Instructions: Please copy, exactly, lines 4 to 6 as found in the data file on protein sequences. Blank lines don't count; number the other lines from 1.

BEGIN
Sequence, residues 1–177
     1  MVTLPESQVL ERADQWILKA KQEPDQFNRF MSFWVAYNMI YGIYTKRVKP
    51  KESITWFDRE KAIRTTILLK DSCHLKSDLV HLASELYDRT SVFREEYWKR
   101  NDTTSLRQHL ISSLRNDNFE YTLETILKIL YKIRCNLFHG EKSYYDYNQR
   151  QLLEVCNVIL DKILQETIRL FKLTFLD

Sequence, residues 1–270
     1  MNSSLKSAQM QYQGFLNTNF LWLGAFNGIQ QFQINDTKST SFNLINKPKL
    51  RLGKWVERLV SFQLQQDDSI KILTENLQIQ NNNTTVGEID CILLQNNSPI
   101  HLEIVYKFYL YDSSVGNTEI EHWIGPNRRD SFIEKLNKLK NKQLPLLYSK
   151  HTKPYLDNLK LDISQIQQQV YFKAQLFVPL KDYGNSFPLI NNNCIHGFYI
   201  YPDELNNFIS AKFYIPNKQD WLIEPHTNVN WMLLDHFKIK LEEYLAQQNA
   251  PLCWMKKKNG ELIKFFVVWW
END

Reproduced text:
   101  NDTTSLRQHL ISSLRNDNFE YTLETILKIL YKIRCNLFHG EKSYYDYNQR
   151  QLLEVCNVIL DKILQETIRL FKLTFLD

Sequence, residues 1–270